20,000-foot-tall mountain on the moon named in honor of trailblazing computer scientist Melba Roy Mouton

A black and white portrait of mathematician Melba Roy Mouton set over an illustration of the crater-pocked lunar mountain Mons Mouton
Melba Roy Mouton was a pioneering mathematician at NASA in the 1960s and '70s. Mons Mouton (background) was recently named in her honor. (Image credit: NASA/Science Visualization Studio)

The International Astronomical Union (IAU) has named a 20,000-foot-tall (6,000 meters) mountain on the moon in honor of pioneering American mathematician Melba Roy Mouton.

Among many other accomplishments during her 14 years at NASA, Mouton received an Apollo Achievement Award for her part in the successful Apollo 11 moon landing on July 20,1969.

"Melba Mouton was one of our pioneering leaders at NASA," Sandra Connelly, acting associate administrator for science at NASA Headquarters in Washington, D.C., said in a statement. "She not only helped NASA take the lead in exploring the unknown in air and space, but she also charted a path for other women and people of color to pursue careers and lead cutting-edge science at NASA."

A digitally colorized photo of Melba Roy Mouton standing next to a large IBM computer at NASA headquarters in 1964. (Image credit: Getty)

Mouton began her illustrious career at NASA in 1959. As head mathematician at the Goddard Space Flight Center in Greenbelt, Maryland, she oversaw a team tracking the satellites Echo 1 and 2, which were launched into Earth's orbit in 1960 and 1964, respectively.

In 1961, Mouton joined the Mission and Trajectory Analysis Division as head programmer. Her team, the Program System Branch, was responsible for coding computer programs to track NASA spacecraft in orbit. She then became assistant chief of research programs for the Trajectory and Geodynamics Division at Goddard, before retiring in 1973. Mouton died in 1990, at the age of 61, due to brain cancer.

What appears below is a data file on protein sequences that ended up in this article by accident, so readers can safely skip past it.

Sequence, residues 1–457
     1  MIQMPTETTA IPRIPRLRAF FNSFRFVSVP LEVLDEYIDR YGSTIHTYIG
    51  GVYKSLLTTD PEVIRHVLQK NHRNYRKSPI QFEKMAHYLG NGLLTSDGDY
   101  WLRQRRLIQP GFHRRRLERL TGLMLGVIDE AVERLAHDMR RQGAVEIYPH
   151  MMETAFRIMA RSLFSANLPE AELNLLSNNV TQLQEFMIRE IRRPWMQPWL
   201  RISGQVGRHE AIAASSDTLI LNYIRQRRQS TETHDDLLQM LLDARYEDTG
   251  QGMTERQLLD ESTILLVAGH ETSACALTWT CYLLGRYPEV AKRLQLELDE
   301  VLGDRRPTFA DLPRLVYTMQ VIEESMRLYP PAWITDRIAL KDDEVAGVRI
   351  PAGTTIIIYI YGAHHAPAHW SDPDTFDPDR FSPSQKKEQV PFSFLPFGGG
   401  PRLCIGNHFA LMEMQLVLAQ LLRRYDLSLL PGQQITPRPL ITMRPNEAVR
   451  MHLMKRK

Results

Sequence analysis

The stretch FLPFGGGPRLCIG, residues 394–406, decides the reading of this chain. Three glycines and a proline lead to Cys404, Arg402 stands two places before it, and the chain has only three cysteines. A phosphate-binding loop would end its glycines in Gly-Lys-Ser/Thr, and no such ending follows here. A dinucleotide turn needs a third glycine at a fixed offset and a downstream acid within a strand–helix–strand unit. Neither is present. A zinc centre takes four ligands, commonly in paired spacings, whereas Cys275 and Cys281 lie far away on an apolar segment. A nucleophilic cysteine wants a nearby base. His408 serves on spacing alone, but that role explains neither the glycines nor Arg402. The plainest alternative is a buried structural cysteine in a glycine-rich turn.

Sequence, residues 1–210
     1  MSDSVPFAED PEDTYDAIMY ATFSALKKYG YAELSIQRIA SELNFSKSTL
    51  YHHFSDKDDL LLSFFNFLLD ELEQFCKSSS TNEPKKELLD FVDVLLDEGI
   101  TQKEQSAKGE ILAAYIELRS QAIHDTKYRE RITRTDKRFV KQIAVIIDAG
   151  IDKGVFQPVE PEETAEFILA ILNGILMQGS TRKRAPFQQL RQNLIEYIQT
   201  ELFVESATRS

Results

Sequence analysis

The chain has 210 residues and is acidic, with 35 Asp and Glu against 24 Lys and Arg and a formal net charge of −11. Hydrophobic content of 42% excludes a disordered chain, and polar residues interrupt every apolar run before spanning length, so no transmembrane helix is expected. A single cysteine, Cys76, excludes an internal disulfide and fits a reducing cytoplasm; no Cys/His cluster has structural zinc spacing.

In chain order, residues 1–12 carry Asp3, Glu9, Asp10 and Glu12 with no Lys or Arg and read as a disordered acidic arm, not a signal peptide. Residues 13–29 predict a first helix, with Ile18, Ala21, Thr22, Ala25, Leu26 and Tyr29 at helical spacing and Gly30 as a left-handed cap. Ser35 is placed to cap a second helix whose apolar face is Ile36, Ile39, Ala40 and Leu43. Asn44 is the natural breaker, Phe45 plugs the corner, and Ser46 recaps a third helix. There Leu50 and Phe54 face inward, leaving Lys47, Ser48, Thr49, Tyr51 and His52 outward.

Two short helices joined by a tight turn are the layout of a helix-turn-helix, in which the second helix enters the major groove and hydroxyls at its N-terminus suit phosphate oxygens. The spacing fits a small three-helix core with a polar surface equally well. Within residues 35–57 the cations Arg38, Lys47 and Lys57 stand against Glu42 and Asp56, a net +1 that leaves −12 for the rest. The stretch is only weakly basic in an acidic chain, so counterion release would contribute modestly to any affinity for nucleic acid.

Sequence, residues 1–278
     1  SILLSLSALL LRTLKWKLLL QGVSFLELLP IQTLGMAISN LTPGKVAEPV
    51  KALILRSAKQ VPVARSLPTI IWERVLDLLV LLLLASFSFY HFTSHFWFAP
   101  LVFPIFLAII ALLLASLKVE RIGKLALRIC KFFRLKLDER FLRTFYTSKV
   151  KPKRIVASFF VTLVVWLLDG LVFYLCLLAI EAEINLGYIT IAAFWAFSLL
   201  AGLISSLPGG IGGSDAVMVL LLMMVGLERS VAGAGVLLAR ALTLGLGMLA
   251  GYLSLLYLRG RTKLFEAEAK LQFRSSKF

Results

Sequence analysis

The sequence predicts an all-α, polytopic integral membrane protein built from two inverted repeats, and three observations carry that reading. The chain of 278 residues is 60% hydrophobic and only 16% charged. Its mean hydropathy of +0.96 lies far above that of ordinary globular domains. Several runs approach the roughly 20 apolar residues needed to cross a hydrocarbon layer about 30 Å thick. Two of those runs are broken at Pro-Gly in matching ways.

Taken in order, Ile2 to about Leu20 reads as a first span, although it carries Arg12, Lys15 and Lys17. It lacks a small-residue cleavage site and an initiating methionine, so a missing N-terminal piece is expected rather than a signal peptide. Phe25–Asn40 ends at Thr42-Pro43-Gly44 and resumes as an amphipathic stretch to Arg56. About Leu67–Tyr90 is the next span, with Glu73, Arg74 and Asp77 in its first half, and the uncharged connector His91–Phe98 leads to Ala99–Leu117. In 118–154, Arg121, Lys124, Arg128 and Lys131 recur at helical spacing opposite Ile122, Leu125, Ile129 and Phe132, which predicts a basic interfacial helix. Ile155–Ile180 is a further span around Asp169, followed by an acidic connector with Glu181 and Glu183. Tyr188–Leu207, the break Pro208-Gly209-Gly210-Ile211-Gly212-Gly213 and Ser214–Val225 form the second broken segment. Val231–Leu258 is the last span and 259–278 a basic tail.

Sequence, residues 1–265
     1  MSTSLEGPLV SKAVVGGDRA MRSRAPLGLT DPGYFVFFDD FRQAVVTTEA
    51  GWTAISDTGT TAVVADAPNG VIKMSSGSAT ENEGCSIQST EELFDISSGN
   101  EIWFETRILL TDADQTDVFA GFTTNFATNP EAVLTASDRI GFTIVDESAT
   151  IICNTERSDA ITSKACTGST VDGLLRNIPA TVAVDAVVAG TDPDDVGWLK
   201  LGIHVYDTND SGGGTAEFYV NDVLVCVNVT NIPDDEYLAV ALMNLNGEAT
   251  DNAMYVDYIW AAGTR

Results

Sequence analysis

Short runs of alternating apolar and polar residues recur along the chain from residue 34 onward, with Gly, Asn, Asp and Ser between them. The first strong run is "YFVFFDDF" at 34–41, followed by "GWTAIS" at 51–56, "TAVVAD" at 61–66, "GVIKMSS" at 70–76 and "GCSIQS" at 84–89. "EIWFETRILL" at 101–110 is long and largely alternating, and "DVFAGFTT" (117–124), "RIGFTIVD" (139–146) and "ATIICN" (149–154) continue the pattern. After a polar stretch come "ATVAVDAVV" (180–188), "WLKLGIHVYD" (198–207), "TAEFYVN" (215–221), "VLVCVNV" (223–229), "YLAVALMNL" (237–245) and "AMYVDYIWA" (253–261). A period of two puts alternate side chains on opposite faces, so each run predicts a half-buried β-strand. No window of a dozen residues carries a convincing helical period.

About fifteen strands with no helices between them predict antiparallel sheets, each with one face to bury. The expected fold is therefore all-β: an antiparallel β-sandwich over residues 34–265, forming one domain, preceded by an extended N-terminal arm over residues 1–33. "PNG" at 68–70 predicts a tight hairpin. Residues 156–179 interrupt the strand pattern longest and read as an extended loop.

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To honor her outstanding contributions, members of NASA's Volatiles Investigating Polar Exploration Rover (VIPER) mission proposed to name a gigantic lunar mountain Mons Mouton. VIPER is the first mission scheduled to map resources such as ice beyond Earth and is set to land on the western rim of Nobile Crater, which is adjacent to Mons Mouton, for a 100-day expedition in late 2024.

An illustration of Mons Mouton, a mesa-like lunar mountain that towers above the landscape carved by craters near the moon's south pole. (Image credit: NASA)

Mons Mouton, located near the moon's south pole, is a towering peak with a flat top the size of Delaware (about 2,000 square miles, or 5,180 square kilometers). It is also one of the 13 candidate landing regions for NASA's Artemis 3 mission, which aims to send astronauts to the moon, including the first woman and person of color to set foot on the lunar surface.

The mountain stands as tall as Denali, the tallest peak in North America, and its base is ringed by huge, gaping craters, thought to be relics of ancient meteorite bombardments. Mons Mouton appears unscathed by the region's tumultuous past, suggesting it could be billions of years older than the surrounding landscape. Rocks, pebbles and the occasional crater pepper the vast mountaintop plateau.

"Mons Mouton represents a great spot for VIPER our solar-powered moon rover that we'll drive and conduct science in near real time," Sarah Noble, VIPER program scientist at NASA Headquarters, said in the statement. "It features high sunny spots, it's relatively flat, satellite data shows signs of water ice, and it allows long stretches of direct communication with our ground station on Earth."

Mons Mouton is the latest in a series of lunar features named after notable women and minority scientists. On Sept. 20, 2021, NASA announced that a crater in the lunar south pole region would be named after Matthew Henson, a Black Arctic explorer and the first recorded person to reach Earth's North Pole. Later that month, on Sept. 30, the IAU approved the name Marvin crater, after planetary geologist Ursula Marvin, for a feature near the moon's south pole.

Sascha Pare
Trainee staff writer

Sascha is a U.K.-based trainee staff writer at Live Science. She holds a bachelor’s degree in biology from the University of Southampton in England and a master’s degree in science communication from Imperial College London. Her work has appeared in The Guardian and the health website Zoe. Besides writing, she enjoys playing tennis, bread-making and browsing second-hand shops for hidden gems.